GG: I think we all love getting the last word. It’s even better when it’s achieved creatively! Do you have any advice for new authors looking to get their work published? Any complications or warning blocks you could offer as well as inspirational anecdotes?

WW: The best advice that I can give to a newbie author is to write well, get as much help as you can (content editing, critiques from your peers, editorial reviews) and above all, don’t give up! Keep going. It’s incredibly rewarding when a perfect stranger likes your book enough to put up a review. Because being an author is more about sharing your work than it is about making lots of money or becoming famous.

I’m in this for the long term. I love to write, illustrate, and to build worlds—however improbable. I plan to continue until they roll me out in a box!

GG: Agreed and well said. I know asking for a favorite author is too broad a question and I would never expect anyone to choose just one, but is there any writer or writers that you admire and considered inspiring while writing this book?

WW: My all time favorite fantasy writer is Diana Wynne Jones. She never underestimated her readers and wrote intricate, twisty curvy plots which delight me still, even after a third or fourth read. The Dark Lord of Derkholm is absolutely hilarious!  I also read a Jane Austen book once a year, and adore all the classic fantasy series, including Harry Potter, Tolkien’s work, and the Wizard of Oz (great illustrations too).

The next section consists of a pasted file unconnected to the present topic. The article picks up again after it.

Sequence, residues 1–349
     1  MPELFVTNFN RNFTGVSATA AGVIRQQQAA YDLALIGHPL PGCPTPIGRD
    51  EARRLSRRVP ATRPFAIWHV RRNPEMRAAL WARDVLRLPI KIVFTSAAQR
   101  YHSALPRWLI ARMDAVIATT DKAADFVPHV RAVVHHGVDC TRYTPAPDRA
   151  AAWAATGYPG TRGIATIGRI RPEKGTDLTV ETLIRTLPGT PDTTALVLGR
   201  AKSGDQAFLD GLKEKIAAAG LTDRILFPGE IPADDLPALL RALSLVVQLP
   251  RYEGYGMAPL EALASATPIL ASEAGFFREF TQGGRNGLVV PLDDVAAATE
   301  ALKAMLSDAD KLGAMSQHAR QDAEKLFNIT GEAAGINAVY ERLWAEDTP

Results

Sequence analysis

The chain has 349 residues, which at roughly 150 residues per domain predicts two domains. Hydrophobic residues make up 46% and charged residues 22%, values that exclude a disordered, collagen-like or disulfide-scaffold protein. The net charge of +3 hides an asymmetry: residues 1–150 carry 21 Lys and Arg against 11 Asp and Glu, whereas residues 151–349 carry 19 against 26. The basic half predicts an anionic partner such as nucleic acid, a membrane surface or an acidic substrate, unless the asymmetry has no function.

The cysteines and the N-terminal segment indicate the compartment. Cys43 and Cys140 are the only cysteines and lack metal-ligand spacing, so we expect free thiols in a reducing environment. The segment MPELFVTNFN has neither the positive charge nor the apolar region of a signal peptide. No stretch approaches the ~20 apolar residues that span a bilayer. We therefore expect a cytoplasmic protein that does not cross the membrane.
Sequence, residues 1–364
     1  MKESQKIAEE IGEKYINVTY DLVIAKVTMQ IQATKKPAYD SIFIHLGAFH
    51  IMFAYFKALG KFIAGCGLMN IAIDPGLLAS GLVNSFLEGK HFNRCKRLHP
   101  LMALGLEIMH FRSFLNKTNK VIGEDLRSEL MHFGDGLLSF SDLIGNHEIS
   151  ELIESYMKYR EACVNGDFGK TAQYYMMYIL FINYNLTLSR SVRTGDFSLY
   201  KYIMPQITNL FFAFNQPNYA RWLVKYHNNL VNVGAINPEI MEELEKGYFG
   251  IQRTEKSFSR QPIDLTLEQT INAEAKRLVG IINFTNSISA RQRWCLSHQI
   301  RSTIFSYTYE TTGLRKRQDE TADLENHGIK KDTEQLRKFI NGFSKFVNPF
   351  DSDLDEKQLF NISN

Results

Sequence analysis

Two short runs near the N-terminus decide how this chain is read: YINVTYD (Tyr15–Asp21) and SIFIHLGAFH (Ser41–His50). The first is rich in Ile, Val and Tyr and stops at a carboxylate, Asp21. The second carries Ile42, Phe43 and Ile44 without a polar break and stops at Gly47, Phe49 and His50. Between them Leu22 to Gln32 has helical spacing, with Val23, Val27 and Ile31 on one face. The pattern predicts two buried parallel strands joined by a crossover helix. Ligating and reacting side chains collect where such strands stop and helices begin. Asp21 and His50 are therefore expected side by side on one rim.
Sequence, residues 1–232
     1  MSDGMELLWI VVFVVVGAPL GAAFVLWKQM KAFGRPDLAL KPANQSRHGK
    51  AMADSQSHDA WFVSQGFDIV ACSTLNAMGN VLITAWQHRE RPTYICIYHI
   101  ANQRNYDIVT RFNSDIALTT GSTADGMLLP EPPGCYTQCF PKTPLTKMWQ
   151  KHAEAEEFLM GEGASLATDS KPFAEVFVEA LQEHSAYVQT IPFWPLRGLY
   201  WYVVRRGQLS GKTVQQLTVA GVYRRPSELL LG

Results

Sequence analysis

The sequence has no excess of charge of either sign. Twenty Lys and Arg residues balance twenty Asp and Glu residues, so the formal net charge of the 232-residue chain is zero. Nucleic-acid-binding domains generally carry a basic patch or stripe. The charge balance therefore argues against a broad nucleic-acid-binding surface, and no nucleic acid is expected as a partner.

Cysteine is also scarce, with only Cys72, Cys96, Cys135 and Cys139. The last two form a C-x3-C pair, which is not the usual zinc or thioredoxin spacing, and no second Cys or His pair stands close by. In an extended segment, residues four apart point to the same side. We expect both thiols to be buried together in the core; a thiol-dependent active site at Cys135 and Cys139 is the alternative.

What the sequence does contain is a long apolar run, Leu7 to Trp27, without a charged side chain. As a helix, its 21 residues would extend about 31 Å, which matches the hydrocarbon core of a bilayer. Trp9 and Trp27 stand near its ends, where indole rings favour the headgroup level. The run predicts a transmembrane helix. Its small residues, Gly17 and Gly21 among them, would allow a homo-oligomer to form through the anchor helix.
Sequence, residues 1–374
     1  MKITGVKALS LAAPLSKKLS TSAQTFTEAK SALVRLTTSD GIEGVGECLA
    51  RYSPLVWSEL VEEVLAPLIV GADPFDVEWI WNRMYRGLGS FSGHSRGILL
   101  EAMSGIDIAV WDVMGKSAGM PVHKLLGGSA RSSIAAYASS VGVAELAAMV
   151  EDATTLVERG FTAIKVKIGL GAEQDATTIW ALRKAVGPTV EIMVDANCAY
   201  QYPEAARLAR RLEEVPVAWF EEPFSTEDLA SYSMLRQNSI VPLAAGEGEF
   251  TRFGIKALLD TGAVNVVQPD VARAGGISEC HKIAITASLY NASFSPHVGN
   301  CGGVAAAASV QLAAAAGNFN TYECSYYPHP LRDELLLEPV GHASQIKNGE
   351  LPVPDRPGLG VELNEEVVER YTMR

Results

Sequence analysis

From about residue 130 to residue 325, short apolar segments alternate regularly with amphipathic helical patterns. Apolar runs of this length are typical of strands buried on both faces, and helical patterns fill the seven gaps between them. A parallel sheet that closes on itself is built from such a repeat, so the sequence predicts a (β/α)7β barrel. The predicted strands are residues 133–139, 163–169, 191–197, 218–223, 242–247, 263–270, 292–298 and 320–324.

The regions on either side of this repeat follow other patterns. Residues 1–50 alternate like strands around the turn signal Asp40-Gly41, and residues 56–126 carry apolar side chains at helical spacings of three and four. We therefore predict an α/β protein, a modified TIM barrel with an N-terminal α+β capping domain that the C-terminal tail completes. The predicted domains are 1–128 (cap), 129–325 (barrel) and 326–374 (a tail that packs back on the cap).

GG: The second installment of this series comes out this year. Can you tell us a little about it and if you have a date for release we would love to know when we can expect to purchase?

WW: I’m shooting for mid 2013 for the release of the next installment of Ambril’s Tale, Riding the Cursed Shoots. Keep your fingers crossed, I’m working on the illustrations and cover art now.

GG: Okay, for the fun stuff. What was your favorite read of 2012 and is there any book that you are really looking forward to this year? (Excluding yours 😉 )

WW: In fantasy, I really liked the Dirty Streets of Heaven by Tad Williams. Great main characters, great voice, fun plot. It’s all about an alternative afterlife option, something between heaven and hell. I don’t know about you, but I’m all for a third option.